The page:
Prevention and treatment
The objective of dietary management in renal failure is to lessen the metabolic demands on the kidneys and to diminish metabolic end-products that cannot be readily excreted. The successful management of canine kidney disease requires careful food choices, which balances pet’s appetite. It has been known for many decades that once chronic renal disease is established, renal failure often progresses inexorably, even if the underlying cause of the renal disease is eradicated. Typical nutritional interventions include restriction of protein and phosphorus, modification in electrolyte balance, dietary supplementation of polyunsaturated fatty acids (PUFAs) such as omega -3 etc. Nutritional therapy, however, does not simply mean changing the diet; consideration must also be given to ensuring adequate caloric intake and to the method of feeding. Therapeutic measures include initial restoration and maintenance of body fluid balance, supportive symptomatic therapy that aims to minimize disruptions in fluid, acid-base, electrolyte and nutritional status. The Renal food (RF) specifically prepared for dogs suffering with renal diseases helps delay in development of uremia and reduction in the rate of progression of renal failure.
Dietary restriction of protein and phosphorus
High dietary protein with view of weight management and lean maintenance may put animal at risk for diseases related to excessive nitrogen metabolism. Intake of high dietary protein and phosphorus leads to increased risk for kidney diseases. Dietary restriction of protein helps to reduce the renal disorders and is also beneficial in slowing the progression of chronic renal disease. The predominant effect of the low protein diet is to minimize production of uremic toxins so that the patient feels better. Dietary protein restriction may limit the genesis of nitrogen wastes and thus lessen the extent of uremic complications of chronic renal failure such as vomiting and lethargy.
Role of polyunsaturated fatty acids (PUFAs)
Dietary supplementation with polyunsaturated fatty acids (PUFAs) has been considered as a potential therapeutic manoeuvre in chronic renal insufficiency. It helps by altering renal hemodynamics and retards the progression of renal injury in dogs with chronic renal failure.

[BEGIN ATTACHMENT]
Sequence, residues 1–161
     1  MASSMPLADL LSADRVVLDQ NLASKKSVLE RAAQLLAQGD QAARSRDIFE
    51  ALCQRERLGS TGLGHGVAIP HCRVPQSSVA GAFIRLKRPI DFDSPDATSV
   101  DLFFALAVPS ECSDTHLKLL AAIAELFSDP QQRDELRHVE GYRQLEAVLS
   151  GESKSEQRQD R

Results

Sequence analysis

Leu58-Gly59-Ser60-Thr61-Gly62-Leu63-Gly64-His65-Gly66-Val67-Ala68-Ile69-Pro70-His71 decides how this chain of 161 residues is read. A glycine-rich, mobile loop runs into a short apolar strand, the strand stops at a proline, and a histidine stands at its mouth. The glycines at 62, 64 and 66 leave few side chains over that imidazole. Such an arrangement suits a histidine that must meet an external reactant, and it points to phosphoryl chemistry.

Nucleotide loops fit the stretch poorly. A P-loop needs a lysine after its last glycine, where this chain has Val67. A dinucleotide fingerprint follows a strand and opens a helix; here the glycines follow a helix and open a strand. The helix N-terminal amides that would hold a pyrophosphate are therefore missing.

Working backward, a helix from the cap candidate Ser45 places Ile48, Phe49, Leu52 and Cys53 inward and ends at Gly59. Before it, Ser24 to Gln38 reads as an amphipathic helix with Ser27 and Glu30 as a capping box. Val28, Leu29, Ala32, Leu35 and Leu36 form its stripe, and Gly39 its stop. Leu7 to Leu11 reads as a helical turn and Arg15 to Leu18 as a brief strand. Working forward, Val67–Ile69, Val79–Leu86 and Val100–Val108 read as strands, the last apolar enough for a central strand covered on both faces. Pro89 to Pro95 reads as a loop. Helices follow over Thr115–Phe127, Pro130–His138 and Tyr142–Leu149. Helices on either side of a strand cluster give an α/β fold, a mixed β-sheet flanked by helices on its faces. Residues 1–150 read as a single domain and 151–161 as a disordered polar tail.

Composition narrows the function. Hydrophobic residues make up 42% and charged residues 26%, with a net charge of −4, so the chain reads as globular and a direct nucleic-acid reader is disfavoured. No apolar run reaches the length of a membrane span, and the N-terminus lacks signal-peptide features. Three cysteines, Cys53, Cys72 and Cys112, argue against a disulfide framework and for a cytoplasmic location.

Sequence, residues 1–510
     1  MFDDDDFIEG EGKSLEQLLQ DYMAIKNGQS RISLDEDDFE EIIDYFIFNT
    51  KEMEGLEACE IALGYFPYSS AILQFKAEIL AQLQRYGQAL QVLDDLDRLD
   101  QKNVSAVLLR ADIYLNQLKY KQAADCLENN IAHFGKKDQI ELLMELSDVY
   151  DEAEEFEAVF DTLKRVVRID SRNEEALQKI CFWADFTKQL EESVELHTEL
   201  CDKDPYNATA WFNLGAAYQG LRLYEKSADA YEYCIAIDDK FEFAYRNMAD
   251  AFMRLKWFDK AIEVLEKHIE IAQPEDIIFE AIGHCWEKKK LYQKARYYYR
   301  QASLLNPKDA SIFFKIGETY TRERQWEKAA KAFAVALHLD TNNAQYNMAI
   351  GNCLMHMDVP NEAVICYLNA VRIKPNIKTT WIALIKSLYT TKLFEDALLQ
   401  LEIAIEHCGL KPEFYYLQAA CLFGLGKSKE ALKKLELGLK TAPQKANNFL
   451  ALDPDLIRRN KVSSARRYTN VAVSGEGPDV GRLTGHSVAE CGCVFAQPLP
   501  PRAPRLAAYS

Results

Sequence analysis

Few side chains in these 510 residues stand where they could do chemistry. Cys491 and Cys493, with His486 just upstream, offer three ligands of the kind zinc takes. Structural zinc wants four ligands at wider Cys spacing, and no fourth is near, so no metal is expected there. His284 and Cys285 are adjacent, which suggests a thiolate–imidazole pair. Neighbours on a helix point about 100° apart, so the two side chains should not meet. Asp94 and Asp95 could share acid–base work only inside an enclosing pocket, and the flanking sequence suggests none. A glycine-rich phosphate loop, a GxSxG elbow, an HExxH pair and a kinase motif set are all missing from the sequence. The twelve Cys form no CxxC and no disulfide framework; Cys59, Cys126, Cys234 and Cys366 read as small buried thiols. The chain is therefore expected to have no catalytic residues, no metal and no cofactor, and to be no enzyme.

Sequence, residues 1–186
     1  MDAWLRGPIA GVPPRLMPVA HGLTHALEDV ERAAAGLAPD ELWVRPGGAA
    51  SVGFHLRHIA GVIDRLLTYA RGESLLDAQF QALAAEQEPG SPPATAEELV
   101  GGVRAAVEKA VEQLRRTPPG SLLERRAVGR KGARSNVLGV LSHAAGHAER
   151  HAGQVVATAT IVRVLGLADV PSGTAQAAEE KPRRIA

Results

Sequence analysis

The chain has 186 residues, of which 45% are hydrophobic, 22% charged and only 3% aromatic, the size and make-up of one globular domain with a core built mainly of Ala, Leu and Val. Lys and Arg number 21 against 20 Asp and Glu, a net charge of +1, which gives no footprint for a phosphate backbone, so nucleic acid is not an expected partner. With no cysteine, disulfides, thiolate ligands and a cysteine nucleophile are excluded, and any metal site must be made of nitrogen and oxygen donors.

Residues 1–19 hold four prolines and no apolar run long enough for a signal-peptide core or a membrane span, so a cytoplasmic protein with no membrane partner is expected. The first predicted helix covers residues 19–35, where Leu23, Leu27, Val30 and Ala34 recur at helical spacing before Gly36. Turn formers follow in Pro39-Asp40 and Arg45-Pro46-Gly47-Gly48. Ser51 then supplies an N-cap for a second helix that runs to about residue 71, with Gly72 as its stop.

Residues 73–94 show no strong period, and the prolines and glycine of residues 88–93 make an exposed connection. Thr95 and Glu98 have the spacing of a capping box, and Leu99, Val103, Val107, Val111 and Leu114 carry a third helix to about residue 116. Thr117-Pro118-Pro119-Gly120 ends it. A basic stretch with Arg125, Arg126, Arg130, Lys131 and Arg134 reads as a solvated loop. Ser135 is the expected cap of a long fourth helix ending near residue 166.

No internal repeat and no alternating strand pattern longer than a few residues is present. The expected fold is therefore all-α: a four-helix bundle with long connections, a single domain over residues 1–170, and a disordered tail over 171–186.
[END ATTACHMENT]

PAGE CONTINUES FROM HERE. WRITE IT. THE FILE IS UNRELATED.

Modification of electrolytes
High level of serum sodium with systemic hypertension is more frequent in patients with renal disease which may lead to high arterial pressure predisposing progression of renal injury. Hence, dietary sodium restriction may be one of the alternatives to control systemic hypertension in patients with renal disease.
Fermentable or soluble fibre, when added to a dog’s diet, also helps remove toxins from his body. Because of this, it is often an ingredient in commercial diets sold to manage kidney failure in pets. In these diets, the source is sugar beet pulp. Also nowadays prebiotics are gaining movement as fermentable fibre sources in dog’s diets.
In conclusion, there are various nutritional approaches for prevention and treatment of kidney diseases few of which includes restriction of protein and phosphorus, supplementation with omega 3 fatty acids, modification of electrolyte balance. Along with these, there should be proper feeding management and monitoring the proper functioning of the kidney is important. Suggestions are made for water and fat-soluble vitamins, trace minerals and other non-nutrient feed additives based on their activities as free-radical scavengers, immune modulators, anti-emetics, and erythrocyte production stimulators. In future, new avenues in nutritional science like phytonutrients, antioxidants, designer foods and of course nutrigenomic (role of nutrient in modulation gene function) may help solve the puzzle between nutrition and kidney disease.